High Temperature Fluid Pumps must be fully compliant with ISO 13709/API 610. Some of the components encompassed are listed below:
- Pump casing and baseplate design and dimensions.
- Allowable nozzle loads.
- Pump impellors.
- Capacity, heads, temperature, and pressure
- Wear-ring diameters.
- Casing gaskets.
- Coupling guard.
- Ball and radial bearings.
- Shaft mechanical and gas seals.
- Seal chamber.
- Drive shafts.
- Vibration levels.
- Materials of construction.
- Net Positive Suction Head (NPSH).
The API 610 specifies the HTF pump design. Below are some HTF pump manufacturers design and operating parameters, along with images:
Vertical Turbine Pump
- Flowrate 13, 600 m3/hr / 60,000gall/min
- Heads 530 m / 740 ft •
- Pressures 100 bar / 1450 psi
- Temperatures 600°C /1100°F
- Temperatures to and above 400ºC
- Pressures of 100 bar and above
- Ready for heat transfer fluid (HTF)
- Equipped for variable speeds
- Suitable for 50 and 60 Hz applications
3. Sulzer Pumps
- Temperatures 450 °C / 840 °F
- Flowrate 2600m3/hr / 11000 US Galls/hr
- Pressure 100bar / 1400psi
- Head 300m / 1000ft
- Core pump technologies in particular designed to handle fluids at temperatures of over 400°C whilst enduring extremely high and changing temperatures and pressures every day
Selection of a Heat Transfer Pump for a Solar Power Plant
The selection of the pump very much depends on it application and the type of CSP power plant it is to be used in.
Most of the horizontal centrifugal pumps can be designed to circulate oil or molten salts, but the vertical pumps are more suited to molten salts.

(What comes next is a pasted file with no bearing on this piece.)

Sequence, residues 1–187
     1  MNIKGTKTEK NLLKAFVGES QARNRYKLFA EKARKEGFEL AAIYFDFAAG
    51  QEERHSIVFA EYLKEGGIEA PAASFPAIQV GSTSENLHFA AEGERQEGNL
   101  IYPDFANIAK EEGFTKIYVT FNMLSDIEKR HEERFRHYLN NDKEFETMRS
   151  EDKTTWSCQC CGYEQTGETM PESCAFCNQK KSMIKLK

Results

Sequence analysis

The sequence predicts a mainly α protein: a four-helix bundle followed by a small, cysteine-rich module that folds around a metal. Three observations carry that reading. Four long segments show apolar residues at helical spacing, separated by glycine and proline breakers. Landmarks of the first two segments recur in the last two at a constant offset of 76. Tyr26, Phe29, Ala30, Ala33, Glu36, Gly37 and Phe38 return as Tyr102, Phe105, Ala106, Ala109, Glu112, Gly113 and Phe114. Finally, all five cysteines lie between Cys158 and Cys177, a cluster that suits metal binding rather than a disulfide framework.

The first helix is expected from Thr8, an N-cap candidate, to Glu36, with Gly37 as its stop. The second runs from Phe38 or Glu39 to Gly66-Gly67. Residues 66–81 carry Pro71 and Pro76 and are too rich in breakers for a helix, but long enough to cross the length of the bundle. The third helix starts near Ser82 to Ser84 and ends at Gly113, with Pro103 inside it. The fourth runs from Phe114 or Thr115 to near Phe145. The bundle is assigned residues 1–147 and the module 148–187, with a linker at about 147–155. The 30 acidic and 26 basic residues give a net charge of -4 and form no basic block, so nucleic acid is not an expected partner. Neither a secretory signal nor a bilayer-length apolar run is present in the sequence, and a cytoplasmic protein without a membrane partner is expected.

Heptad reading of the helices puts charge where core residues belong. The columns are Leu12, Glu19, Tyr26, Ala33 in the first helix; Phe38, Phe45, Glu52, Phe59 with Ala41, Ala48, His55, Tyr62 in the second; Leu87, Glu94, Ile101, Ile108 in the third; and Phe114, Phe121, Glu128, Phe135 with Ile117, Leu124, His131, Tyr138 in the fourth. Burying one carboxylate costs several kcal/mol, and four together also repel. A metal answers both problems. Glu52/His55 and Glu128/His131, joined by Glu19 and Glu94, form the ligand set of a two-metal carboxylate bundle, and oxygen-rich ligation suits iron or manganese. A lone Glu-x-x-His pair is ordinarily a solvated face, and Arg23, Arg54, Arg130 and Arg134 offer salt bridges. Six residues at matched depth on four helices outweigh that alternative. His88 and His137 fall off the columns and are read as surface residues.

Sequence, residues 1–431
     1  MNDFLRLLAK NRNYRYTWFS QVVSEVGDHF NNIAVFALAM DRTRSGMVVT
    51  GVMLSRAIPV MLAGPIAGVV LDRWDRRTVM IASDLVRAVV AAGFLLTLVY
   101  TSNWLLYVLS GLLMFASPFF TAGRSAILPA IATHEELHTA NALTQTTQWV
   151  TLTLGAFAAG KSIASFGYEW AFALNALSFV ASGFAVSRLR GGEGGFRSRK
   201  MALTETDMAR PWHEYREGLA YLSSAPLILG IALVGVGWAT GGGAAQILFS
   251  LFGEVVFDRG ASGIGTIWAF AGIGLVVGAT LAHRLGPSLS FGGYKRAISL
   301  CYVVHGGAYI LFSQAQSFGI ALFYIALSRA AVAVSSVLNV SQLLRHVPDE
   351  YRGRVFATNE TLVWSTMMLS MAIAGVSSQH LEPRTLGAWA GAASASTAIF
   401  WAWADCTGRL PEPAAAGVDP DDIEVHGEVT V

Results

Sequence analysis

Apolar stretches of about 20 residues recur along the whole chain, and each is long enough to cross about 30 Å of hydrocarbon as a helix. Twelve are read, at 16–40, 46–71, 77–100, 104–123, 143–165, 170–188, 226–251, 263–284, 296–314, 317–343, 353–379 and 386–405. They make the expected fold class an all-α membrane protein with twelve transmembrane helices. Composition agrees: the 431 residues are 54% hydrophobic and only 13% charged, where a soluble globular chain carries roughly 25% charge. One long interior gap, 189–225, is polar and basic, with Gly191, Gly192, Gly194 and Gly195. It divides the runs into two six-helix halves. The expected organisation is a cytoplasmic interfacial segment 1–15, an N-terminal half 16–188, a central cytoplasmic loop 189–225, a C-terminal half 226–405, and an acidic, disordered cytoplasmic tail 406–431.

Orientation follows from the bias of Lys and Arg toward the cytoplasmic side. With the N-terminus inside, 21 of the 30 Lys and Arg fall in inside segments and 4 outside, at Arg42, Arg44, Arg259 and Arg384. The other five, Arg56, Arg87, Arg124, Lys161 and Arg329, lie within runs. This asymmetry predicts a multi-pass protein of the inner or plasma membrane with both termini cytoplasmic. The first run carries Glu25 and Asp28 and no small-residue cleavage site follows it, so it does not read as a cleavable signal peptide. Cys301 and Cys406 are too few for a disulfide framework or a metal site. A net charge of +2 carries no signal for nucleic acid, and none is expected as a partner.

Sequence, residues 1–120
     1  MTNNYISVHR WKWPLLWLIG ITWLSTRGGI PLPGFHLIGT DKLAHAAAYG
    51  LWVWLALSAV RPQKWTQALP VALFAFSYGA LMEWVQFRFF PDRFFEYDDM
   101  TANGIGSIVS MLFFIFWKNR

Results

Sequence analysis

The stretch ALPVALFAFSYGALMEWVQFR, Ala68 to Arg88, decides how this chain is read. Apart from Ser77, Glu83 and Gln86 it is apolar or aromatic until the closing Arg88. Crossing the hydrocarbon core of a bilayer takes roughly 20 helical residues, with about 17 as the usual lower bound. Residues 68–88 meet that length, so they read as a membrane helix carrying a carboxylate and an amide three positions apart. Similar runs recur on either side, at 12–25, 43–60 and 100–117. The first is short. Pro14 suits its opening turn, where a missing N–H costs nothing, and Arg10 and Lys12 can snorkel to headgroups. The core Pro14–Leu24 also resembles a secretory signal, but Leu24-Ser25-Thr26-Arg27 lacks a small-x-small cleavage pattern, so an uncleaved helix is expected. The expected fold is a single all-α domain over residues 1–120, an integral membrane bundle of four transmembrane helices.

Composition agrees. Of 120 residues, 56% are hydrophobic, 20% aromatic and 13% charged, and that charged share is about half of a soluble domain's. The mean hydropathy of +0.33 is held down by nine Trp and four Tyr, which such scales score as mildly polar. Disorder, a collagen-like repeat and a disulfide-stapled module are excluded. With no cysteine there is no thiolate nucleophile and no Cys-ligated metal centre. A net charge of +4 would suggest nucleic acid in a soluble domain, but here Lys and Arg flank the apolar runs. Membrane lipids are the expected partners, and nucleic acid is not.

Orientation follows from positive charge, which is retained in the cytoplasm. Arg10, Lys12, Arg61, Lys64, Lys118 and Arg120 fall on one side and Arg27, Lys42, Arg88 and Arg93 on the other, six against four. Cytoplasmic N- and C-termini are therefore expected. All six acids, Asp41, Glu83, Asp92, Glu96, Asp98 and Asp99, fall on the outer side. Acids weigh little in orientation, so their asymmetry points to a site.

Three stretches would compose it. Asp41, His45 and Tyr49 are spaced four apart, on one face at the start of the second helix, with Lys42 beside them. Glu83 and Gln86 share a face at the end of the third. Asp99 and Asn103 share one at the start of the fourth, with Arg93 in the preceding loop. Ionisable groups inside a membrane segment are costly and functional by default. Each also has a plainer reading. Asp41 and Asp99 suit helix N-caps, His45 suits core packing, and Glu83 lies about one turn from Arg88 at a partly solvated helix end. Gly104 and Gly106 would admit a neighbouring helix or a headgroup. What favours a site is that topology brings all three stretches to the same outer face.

I have sailed as a ships engineer in charge of operating and maintenance of Sulzer marine engines and found them to be excellent source of main power. I have also worked as an engineer in the offshore oil and gas industry and installed Sulzer pumps to most of the production platforms fabricated at the offshore construction yard. Again there were good examples of engineering, and therefore I would be inclined to select a Sulzer HTF pump due to my personal experience of working with them.
Heat Transfer Pumps are used in Concentrated Solar Power plants to circulate a heating medium through receivers. These receivers are bombarded by the sun’s radiance reflected from parabolic or linear mirrors or from flat mirrored heliostats, depending on the system.
The medium is usually synthetic oil or molten salts and the HTF pumps have to cope with high temperature and pressures as well as high heads when circulating molten salts through a receiver fixed on a high solar tower.
High Temperature Fluid Pumps must be fully compliant with ISO 13709/API 610, both in their design and operating parameters.
This ensures that the Heat Transfer (HTF) Pumps for concentrated Solar and large-tract mirrored receivers are capable of pumping molten salts and synthetic oils at high temperature and pressures.
For information about concentrating solar power technologies, please see Dr. Harlan Bengtson’s four-part series here at Bright Hub.